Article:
Saturday’s 1-1 draw with Falkirk counted as another blast from the past for Hanlon, whose deployment in midfield, where he also started the season for an hour against Rangers, recalled his days in boys’ club football.
Hanlon was more than happy to answer head coach Alan Stubbs’ request for him to push forward from centre-half, where Hibs have been left exposed after injuries to Dylan McGeouch and Marvin Bartley. Now there is also the question of John McGinn’s status following his red card at the weekend.
Hanlon is more than happy to step into the breach since he once regarded midfield as his natural position. Indeed, he was horrified when, having joined Hibs from Hutchison Vale, Alistair Stevenson, the then head of the club’s youth academy coach, proposed playing him in defence. This wasn’t how Hanlon imagined things would be when he was scoring goals for fun as an attacking midfielder for Hutchie.
“I made the switch under Alistair Stevenson here,” he reflected yesterday, legs still aching after a powerful shift for ten-man Hibs against Falkirk. “He was taking us in the youth teams and I actually think it was one of my first games for Hibs, in the under-15s.
“He pulled me aside and said: ‘I can see you being a good centre-half’. My first thought was: ‘Dad, get me out of here!’ I had never thought of playing defensively before. But I’ve got a lot to thank him for, because I probably wouldn’t have made the Hibs first-team if I’d stayed in midfield.”
Never mind simply breaking into the team, which Hanlon did under Mixu Paatelainen, he has now racked up 252 appearances. Not bad for a 25 year-old. But even given this impressive weight of games, Saturday felt a bit special.
“I enjoyed it but it’s hard trying to get on the ball, be in so many different positions and not being able to relax at any point in the game,” he said. “That’s the hardest thing. I don’t know if it’s a one-off, you’d probably have to ask the manager.
“It wasn’t something we worked on during the week in training and we hadn’t really spoken about it before. I actually played there against Rangers in the Petrofac Cup, for the first 60 minutes, then moved back. But, other than that, he just said I could go in there to start off with and, if he wanted to change it, he had the options to do that. Obviously, going down to ten men made it more difficult, as well, with all the running about!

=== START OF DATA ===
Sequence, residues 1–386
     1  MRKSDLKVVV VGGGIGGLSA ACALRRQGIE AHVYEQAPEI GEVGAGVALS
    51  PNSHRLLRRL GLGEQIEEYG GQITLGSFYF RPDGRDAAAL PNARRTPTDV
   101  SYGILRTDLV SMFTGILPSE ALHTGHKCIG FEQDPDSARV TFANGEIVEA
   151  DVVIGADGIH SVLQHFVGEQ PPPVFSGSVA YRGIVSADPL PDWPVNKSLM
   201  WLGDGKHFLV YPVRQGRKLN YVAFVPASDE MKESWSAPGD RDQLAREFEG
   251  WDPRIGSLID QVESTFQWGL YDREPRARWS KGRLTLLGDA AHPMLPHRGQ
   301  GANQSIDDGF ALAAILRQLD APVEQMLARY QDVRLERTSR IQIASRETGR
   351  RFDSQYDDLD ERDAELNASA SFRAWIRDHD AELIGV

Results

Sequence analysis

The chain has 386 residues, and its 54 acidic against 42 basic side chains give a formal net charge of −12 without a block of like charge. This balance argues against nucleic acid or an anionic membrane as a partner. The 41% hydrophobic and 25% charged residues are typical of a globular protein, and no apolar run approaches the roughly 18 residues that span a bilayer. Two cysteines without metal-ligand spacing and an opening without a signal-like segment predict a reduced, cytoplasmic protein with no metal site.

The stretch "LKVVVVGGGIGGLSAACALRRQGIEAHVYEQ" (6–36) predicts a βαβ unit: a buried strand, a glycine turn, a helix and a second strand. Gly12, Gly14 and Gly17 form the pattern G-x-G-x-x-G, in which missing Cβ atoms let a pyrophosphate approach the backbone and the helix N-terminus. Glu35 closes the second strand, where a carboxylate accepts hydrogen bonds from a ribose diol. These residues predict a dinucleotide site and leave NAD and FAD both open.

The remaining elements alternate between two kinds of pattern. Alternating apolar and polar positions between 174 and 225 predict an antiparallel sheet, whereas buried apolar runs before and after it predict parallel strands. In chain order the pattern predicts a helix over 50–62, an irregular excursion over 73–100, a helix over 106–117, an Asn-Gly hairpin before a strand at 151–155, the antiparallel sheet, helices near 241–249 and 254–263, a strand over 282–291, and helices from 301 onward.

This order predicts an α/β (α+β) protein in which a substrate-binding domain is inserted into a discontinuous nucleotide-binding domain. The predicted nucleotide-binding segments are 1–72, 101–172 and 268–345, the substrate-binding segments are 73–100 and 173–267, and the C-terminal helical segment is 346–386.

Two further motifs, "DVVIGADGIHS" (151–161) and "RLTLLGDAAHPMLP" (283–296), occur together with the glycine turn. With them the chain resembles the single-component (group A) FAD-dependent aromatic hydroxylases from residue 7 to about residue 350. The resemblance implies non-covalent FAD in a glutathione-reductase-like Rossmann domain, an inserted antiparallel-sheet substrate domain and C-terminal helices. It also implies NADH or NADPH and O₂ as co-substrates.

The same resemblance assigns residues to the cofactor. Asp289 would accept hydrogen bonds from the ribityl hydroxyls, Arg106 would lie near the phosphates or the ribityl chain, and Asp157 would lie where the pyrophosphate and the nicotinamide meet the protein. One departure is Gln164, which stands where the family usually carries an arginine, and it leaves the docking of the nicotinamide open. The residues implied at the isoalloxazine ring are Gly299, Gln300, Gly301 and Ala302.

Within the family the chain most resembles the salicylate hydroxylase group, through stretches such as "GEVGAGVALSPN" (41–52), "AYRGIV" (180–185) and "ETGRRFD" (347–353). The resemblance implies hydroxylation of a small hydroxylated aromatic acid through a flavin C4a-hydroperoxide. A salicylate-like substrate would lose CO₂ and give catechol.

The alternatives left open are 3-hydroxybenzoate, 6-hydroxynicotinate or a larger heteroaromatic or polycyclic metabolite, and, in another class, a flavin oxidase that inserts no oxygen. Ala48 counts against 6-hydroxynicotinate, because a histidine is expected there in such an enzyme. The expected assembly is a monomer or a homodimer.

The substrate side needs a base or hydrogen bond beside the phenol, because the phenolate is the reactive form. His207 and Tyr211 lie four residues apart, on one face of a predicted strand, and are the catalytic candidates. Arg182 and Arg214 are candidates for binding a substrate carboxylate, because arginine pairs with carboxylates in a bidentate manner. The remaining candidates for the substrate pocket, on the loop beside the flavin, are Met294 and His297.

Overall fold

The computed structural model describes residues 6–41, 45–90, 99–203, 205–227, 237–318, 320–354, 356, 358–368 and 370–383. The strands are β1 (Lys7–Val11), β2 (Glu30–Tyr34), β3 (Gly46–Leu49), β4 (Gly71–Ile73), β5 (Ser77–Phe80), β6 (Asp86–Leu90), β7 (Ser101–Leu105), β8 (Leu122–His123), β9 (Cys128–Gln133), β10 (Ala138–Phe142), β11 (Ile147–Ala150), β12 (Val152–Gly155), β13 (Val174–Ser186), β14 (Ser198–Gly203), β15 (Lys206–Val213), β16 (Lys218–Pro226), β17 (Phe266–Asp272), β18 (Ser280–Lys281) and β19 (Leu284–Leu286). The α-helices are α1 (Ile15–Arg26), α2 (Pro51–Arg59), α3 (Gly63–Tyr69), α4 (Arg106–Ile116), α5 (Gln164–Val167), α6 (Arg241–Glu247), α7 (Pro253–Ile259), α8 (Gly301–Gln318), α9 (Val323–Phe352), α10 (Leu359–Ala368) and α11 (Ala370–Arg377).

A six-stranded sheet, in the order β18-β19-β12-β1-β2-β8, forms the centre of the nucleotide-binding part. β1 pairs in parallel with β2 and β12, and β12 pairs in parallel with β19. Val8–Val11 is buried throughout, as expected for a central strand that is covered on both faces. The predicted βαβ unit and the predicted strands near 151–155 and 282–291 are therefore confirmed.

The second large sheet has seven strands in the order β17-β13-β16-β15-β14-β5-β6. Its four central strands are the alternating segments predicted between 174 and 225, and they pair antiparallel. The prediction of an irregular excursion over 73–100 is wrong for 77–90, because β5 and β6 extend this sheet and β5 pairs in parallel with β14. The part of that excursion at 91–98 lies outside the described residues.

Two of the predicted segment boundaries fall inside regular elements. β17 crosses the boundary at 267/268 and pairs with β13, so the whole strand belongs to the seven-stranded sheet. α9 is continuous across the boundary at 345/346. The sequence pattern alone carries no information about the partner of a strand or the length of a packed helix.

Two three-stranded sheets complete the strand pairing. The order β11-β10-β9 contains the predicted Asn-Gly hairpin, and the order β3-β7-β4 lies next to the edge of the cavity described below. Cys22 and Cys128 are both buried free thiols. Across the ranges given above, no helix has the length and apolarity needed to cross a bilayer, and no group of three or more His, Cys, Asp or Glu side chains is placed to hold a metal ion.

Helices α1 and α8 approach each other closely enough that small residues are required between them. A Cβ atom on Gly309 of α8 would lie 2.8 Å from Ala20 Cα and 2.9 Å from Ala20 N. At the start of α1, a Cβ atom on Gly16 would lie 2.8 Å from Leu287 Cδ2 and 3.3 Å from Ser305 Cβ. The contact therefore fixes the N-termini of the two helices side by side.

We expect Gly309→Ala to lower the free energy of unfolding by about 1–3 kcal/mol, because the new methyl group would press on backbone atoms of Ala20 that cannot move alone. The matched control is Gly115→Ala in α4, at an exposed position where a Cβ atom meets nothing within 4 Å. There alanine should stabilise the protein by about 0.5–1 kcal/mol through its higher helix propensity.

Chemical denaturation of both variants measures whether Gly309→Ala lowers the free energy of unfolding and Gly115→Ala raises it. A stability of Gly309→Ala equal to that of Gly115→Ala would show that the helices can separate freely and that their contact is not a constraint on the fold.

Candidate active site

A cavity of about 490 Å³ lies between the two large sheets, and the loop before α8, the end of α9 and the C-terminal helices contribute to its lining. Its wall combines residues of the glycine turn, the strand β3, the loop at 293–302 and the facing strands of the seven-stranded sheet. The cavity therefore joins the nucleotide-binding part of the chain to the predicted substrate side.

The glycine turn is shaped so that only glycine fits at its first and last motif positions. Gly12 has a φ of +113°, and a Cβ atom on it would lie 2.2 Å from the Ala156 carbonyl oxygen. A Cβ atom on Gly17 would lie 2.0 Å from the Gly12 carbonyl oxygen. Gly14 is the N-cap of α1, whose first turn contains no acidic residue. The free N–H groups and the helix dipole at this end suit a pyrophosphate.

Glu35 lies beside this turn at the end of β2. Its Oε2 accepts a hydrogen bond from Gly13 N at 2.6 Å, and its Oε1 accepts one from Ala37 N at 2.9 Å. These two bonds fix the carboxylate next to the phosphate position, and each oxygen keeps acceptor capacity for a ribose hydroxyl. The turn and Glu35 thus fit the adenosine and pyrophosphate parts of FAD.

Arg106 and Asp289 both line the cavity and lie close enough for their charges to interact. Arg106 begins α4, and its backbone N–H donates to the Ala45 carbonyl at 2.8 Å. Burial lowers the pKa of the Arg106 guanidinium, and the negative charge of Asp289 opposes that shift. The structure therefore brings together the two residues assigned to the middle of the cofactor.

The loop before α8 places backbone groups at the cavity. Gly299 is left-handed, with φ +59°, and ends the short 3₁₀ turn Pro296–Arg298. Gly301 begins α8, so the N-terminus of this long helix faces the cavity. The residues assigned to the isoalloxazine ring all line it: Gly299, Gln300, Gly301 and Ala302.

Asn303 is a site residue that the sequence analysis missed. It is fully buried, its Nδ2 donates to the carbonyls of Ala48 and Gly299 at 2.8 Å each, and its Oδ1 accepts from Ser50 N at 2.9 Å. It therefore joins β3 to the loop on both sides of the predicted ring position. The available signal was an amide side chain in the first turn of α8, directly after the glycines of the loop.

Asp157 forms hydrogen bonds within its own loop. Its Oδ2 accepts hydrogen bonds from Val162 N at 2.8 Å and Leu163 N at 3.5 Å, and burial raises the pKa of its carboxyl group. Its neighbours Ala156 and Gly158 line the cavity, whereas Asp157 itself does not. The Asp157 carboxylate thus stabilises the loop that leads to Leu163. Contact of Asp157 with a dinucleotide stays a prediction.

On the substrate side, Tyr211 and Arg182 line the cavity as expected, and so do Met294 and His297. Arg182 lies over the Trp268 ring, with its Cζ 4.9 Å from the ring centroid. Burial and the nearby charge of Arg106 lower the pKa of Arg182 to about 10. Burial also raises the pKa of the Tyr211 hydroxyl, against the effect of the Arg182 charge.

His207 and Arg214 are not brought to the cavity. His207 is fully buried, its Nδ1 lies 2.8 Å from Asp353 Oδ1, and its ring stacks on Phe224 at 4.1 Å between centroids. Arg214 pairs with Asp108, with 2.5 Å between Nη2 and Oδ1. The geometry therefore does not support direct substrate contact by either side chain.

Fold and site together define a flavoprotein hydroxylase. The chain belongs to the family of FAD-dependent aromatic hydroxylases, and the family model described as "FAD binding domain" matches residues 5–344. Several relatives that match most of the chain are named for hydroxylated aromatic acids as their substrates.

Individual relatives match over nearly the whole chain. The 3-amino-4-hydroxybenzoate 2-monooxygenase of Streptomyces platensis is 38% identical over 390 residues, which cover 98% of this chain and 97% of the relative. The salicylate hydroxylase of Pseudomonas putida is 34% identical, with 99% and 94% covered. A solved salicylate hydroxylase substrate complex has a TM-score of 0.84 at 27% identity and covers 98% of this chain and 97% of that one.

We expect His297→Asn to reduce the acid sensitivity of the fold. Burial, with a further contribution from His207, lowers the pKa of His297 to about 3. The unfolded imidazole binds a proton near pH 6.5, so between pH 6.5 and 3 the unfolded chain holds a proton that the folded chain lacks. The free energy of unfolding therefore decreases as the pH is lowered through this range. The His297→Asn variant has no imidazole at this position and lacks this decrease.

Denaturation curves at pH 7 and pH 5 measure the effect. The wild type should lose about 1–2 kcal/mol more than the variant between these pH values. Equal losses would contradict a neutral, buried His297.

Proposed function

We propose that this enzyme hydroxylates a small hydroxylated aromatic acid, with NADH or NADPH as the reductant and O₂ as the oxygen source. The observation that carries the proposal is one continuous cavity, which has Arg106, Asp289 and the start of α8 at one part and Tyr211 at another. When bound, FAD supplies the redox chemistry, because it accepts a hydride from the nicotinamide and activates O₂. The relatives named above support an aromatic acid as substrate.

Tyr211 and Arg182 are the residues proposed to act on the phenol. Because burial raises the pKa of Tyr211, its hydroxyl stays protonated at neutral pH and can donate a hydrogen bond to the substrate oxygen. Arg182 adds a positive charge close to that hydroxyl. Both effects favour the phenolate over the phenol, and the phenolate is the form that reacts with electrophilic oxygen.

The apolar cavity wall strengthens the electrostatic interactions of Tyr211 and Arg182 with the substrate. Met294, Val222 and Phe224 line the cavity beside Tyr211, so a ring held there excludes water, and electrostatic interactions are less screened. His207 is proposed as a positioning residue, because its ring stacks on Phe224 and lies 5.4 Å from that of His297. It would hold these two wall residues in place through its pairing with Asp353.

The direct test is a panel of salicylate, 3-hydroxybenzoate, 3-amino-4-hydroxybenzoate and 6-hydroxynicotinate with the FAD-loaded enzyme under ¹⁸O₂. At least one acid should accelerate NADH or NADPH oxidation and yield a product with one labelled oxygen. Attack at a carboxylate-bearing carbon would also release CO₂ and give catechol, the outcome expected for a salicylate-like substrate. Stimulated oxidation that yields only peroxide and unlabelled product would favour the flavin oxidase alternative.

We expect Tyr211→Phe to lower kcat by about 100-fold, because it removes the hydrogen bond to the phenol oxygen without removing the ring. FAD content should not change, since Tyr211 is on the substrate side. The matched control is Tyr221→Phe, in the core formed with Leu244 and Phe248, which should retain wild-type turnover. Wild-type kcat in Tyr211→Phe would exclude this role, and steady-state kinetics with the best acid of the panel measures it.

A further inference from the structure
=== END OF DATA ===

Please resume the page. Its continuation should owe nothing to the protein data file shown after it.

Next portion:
“But I did enjoy the attacking side of it, playing the ball into the strikers and then bursting forward. I’ll be the first to admit that I tired a bit in the second half. It’s always good to be able to play in different positions. If the manager needs me there, I’m more than happy to do it.”
Considering that Darren McGregor and Justin Fontaine have now begun to establish a solid partnership in defence, perhaps this readiness to please is expedient on Hanlon’s part. He has described the current Hibs team in which he is playing as the best he has known. From someone who made his debut as long ago as 2008, it is an eye-brow raising claim.
There is, though, now a genuine battle for first-team places. It isn’t only Hanlon who would happily play out of position if it meant getting a game. Perhaps the threat of McGinn’s imminent suspension – the club yesterday appealed the red card he was shown in the 43rd minute of Saturday’s game for a lunge on Mark Kerr – means there could be an opening in the middle of midfield for at least the next couple of matches, one of which happens to be against Rangers.
Hanlon scored the winner against the Ibrox side in their last meeting. The victory cut the gap at the top to five points, and now it is only three. After the last-gasp equaliser against Falkirk preserved an unbeaten run stretching back 16 games, confidence is flowing through this Hibs team. Hanlon added: “This is the best Hibs team that I have ever been in. Ability wise and personality wise we are a tight squad. This is a great place to be and all the players love coming into training in the morning. It is a great laugh. But we are serious about the big job that we have at hand.”
The Championship title-race with Rangers, added to the competition for places at the club, means there is a lot of energy in the corridors and on the training pitches at East Mains, the Hibs training base.
Hanlon considers the point gained against Falkirk, thanks to a late equaliser, to be a point won, particularly since Rangers were also held, at home to Morton in their case.
But Hanlon and his teammates will want to restrict the gifts to those being donated by kind-hearted fans this weekend when Hibs host Queen of the South at Easter Road. A supporter-led drive to donate goods to foodbanks will take place between 12pm and 3pm outside the ground. Hibs then intend to secure win that would set them up for a game of games nine days later – against Rangers, at Ibrox.